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Samsung C&T seeks to delist DRs in Britain

Samsung C&T Co., a construction and trading arm of Samsung Group, said Friday that it is seeking to delist its depositary receipts (DRs) traded on the British stock market in an apparent move to stem a possible lawsuit there by a U.S. hedge fund over its attempt to merge with its sister firm.

   Samsung C&T said it will report its plan to the Financial Conduct Authority (FCA), which oversees the London Stock Exchange to delist its DRs, or certificates of stock ownership that are traded overseas.

   Samsung C&T and its sister firm, Cheil Industries Inc., have announced their merger, but faced a challenge by U.S. hedge fund Elliott Management, which claims the proposed merger hurts shareholders of Samsung C&T.

   Cheil Industries said earlier it will take over Samsung C&T by offering 0.35 new shares for every Samsung C&T share.

   The deal was widely viewed by many as a step crucial to a smooth transfer of managerial rights for South Korea's largest conglomerate, as the group's owner, Lee Kun-hee, has been bedridden since May last year.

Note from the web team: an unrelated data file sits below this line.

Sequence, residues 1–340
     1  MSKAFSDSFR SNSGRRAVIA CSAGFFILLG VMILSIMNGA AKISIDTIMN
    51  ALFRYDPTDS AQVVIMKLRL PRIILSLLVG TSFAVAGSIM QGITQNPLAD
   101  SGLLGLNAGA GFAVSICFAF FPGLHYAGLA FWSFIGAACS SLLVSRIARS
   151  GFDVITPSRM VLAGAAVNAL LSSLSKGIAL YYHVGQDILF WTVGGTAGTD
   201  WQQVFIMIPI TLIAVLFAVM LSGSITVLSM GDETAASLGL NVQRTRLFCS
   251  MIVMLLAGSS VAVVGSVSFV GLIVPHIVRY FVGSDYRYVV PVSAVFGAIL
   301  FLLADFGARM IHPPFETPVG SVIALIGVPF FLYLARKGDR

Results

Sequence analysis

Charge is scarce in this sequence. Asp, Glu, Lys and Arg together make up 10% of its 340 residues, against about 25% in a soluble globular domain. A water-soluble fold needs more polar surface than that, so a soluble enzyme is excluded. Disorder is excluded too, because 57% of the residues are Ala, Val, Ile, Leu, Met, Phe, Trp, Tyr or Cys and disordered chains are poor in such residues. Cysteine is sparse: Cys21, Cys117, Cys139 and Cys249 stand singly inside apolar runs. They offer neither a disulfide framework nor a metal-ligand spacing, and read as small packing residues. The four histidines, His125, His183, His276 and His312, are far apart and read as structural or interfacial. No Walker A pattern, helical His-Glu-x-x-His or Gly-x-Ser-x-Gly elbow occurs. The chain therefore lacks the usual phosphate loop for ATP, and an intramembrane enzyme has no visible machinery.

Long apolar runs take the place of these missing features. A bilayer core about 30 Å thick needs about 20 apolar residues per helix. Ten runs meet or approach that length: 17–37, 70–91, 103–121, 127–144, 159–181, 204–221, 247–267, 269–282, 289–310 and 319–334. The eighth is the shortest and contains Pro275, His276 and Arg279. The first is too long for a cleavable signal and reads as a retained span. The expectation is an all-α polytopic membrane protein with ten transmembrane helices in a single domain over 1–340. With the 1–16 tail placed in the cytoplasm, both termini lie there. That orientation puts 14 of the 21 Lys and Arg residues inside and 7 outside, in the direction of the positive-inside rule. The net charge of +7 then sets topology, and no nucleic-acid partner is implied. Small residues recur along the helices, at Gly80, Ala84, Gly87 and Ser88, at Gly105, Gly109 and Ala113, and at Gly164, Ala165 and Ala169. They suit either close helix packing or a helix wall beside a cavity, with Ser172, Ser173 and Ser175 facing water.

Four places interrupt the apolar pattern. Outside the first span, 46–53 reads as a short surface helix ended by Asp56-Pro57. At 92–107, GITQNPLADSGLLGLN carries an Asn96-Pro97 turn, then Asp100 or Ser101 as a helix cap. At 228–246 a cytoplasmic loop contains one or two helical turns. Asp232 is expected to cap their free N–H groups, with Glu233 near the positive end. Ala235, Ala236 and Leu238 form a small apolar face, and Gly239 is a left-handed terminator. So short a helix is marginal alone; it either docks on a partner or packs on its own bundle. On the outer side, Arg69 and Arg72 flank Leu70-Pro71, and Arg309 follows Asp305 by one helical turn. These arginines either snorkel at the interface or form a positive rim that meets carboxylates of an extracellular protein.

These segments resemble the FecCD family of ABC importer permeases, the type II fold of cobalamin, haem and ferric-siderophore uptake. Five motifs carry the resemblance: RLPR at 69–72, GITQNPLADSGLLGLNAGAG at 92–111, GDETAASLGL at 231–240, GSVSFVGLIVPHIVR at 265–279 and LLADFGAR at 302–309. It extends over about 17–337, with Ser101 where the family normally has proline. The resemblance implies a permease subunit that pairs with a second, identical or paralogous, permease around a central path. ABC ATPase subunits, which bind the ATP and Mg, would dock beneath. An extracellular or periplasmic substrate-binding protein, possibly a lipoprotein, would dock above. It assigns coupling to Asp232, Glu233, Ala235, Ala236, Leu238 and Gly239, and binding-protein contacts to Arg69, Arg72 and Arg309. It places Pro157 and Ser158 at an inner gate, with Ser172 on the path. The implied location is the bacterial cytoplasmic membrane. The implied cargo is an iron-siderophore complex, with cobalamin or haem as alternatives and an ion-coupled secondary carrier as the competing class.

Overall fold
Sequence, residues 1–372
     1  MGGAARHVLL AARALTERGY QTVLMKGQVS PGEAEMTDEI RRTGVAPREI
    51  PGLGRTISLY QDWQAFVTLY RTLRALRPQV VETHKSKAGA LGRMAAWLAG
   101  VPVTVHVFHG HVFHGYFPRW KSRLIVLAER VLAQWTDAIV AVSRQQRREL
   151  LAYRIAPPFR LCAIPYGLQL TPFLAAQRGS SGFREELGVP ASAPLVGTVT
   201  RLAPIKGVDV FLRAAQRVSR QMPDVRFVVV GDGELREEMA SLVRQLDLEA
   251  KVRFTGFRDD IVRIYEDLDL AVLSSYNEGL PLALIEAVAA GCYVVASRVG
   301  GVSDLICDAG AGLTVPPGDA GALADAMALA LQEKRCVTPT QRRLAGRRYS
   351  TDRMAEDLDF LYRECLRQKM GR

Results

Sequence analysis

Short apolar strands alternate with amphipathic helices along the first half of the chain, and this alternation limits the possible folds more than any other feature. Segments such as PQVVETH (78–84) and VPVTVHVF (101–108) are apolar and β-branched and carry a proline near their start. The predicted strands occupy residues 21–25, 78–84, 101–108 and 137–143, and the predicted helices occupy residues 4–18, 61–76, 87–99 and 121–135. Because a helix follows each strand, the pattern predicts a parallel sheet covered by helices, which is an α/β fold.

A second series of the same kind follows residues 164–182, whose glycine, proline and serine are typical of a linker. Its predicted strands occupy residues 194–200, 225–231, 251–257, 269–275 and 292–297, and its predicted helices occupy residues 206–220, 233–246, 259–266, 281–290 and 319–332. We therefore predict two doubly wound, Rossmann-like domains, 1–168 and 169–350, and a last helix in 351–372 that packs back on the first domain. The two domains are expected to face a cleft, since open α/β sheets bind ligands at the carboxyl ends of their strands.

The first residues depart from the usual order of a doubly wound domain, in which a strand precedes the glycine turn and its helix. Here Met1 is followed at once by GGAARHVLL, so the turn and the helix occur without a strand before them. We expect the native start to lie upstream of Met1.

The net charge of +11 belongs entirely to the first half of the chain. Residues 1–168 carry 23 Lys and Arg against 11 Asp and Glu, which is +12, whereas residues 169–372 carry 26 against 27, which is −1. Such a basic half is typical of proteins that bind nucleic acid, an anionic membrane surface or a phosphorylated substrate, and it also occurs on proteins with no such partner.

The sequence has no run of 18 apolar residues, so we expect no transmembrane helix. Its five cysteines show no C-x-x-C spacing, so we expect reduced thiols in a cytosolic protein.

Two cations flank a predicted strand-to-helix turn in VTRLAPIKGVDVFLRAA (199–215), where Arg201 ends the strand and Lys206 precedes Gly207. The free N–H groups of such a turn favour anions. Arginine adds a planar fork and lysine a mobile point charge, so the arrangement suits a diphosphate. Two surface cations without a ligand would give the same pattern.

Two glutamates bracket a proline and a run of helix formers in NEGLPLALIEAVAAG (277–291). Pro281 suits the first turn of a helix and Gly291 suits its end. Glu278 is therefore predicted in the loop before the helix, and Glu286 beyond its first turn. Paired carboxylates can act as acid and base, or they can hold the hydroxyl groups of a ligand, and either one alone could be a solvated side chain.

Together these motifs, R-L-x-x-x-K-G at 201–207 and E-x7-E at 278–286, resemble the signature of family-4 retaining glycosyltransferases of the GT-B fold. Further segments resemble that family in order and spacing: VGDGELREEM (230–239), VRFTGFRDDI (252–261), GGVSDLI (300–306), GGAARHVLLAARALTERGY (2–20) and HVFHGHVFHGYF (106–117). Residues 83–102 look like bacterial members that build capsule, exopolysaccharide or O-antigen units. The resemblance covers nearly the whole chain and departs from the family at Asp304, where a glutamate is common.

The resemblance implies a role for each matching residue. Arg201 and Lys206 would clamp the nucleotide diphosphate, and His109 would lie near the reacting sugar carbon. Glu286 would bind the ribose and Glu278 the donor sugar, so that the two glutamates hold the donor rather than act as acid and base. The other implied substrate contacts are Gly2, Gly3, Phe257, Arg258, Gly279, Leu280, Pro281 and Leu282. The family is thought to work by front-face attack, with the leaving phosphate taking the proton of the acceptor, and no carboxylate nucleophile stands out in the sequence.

The hedge fund said Thursday it has filed a second court injunction to express its discontent against Samsung C&T's plan.

Elliott has been claiming that the merger undervalues Samsung C&T, and that its attempt to sell Treasury stocks to another firm is unlawful.

   The builder, however, denied accusations that it is pulling out of the British stock market in order to prevent future lawsuits.

   "The reports that the move was carried out to influence lawsuits by overseas investors in Britain or elsewhere is not true," Samsung C&T said in a press release.

   "The DRs are being delisted because trading volume had been marginal since 2013 and also for the sake of convenience in the company's administrative procedures."

   The proposed merger must win approval from shareholders with two-thirds of the voting rights and a third of outstanding shares.

The shareholder meeting is scheduled for July 17.

   Samsung C&T sold 8.99 million Treasury shares, or a 5.79 percent stake, to existing shareholder KCC, in an apparent bid to rake in friendly forces.

   The hedge fund disclosed it holds 7.1 percent of Samsung C&T, emerging as the third-largest shareholder. (Yonhap)